5 cutting-edge privacy considerations for Big Data

White House, MIT host discussion on the new implications for privacy and learning with Big Data

bigdata Big Data is taking higher education institutions by storm; however, the discussion has moved from whether or not Big Data is useful to whether or not institutions can actually manage the data received, and not just in capacity, but in privacy—privacy that, according to leading experts, is just an illusion.

During a “Big Data Privacy Workshop: Advancing the State of the Art in Technology and Practice,” co-hosted by the White House Office of Science & Technology Policy (OSTP) and the MIT Big Data Initiative at CSAIL in Cambridge, MA, thought leaders from academia, government, industry and civil society came together to discuss the future role of technology in protecting and managing privacy.

The workshop, one of a series of events being held across the country in response to President Obama’s call to review privacy issues in the context of increased digital information and the computing process to power it, offered cutting-edge considerations for not only higher education institutions, like MIT, but business and the health care industry.

Big Data is not just a trend, explained Rafael Reif, president of MIT, but rather a “topic that includes a broad range. Big Data affects many people and the whole spectrum of society.”

However, as Big Data grows to cover most sectors of industry, privacy concerns are also growing as data analytics are changing in response to new algorithms and new applications.

Consulting some of the leading experts in Big Data technology, ranging from Microsoft to Harvard, five new considerations in Big Data privacy are emerging for universities and other industries, leading some to wonder if the concept of privacy is in need of a new definition.

(Next page: 5 considerations for Big Data privacy)

Five considerations for Big Data privacy


According to Reif, MIT is at the forefront of digital learning through its Online X programs, the pilot program developed by a MIT and Harvard partnership called edX, a not-for-profit venture that has drawn students from around the world since its 2012 launch. (Read: “MIT’s Big Data education set to get underway.”)

Reif noted that the X programs have over 760,000 unique registered learners from more than 90 countries with over 700 million records.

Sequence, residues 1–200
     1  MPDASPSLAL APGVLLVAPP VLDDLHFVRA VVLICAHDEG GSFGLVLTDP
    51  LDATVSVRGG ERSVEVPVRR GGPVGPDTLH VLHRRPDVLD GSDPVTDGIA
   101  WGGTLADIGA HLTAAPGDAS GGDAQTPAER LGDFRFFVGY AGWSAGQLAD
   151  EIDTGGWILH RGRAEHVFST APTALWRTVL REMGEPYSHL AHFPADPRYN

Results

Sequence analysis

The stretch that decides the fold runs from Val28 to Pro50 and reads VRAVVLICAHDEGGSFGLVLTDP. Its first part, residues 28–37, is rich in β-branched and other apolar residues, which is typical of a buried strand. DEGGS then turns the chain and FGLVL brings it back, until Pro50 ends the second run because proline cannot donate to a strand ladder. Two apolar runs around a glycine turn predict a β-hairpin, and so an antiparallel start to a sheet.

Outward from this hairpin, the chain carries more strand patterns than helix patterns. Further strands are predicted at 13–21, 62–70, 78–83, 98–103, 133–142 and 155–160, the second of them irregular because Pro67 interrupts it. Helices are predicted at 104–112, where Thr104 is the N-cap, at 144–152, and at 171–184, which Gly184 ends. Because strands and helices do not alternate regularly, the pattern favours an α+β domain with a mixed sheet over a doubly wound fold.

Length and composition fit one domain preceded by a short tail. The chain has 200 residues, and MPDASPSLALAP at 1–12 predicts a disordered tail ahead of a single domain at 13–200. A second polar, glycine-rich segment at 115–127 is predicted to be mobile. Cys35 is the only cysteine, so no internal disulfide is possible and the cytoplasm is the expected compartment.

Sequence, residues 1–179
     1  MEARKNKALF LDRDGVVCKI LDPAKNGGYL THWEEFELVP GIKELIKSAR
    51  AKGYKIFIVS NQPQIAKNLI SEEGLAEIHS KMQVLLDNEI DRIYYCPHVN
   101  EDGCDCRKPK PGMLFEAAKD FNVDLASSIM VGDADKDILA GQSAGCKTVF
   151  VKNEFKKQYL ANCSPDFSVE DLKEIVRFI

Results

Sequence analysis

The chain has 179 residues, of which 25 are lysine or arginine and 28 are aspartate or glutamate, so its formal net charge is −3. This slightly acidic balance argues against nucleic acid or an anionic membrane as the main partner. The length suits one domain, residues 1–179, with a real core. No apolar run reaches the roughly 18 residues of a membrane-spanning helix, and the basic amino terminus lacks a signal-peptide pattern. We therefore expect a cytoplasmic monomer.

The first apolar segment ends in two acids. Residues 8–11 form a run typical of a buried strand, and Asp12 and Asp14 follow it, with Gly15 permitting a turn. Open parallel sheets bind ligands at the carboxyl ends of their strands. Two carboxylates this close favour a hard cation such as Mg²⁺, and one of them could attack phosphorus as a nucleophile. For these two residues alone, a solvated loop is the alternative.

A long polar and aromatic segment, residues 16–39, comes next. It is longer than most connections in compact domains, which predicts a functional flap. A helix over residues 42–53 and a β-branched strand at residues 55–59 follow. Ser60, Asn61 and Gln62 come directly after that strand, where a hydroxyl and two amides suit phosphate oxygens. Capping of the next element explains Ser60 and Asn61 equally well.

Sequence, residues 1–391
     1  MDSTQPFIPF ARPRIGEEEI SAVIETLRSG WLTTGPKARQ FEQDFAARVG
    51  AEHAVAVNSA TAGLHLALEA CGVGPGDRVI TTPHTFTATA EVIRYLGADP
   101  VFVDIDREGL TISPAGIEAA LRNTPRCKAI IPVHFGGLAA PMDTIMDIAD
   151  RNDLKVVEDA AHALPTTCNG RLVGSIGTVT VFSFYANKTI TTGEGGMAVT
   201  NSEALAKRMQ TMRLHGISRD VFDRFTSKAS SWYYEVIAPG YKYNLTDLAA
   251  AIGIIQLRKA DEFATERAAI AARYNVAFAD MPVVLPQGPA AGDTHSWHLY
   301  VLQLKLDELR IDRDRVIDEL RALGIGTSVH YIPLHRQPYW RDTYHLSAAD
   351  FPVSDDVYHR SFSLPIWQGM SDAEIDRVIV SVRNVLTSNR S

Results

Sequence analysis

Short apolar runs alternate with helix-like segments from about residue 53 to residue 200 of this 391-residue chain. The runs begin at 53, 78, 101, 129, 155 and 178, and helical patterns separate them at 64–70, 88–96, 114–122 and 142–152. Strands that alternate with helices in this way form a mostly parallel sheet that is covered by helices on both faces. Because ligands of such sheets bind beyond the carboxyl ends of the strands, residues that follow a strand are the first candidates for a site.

“We want to measure what works to improve learning, but we also want to share this data with other institutions so that they can learn from our data. However, we have to think about privacy and for us that means FERPA.”

Governed by FERPA (Family Educational Rights and Privacy Act), universities must now decide who counts as a student under the law.

“Are you a student if you take a MOOC? What if you only take so many courses? Are you only considered a student if you receive a certificate? These are some of the new questions higher education institutions must discuss concerning Big Data and privacy,” explained Reif.

He also emphasized that online forums as part of online courses are proving the biggest challenge, since many students post personal information that can be aggregated.

“It’s about setting boundaries while balancing competing interests,” he said.

2. Non-predicated data

In 2012, 2.4 billion internet users shared enough information to surpass 2 zettabytes of digital information, leading to a jump in analytics technology reminiscent of something straight out of “Minority Report.”

With so much information available, said John Podesta, White House counselor, there’s been a move from predicated data, or data individuals have given, to non-predicated data, or data that can profile an individual based on information they themselves may not know.

“The discussion has currently become: How do we inform and develop privacy policies on non-predicated data and what are the social implications of this?”

For higher-ed institutions, this could mean predictive analytics that, based on things like learning trends, financial aid statistics, and teaching costs, can determine which students will succeed at the college before they are ever admitted. (Read: “Higher Education’s Big (Data) Bang: Part One.”)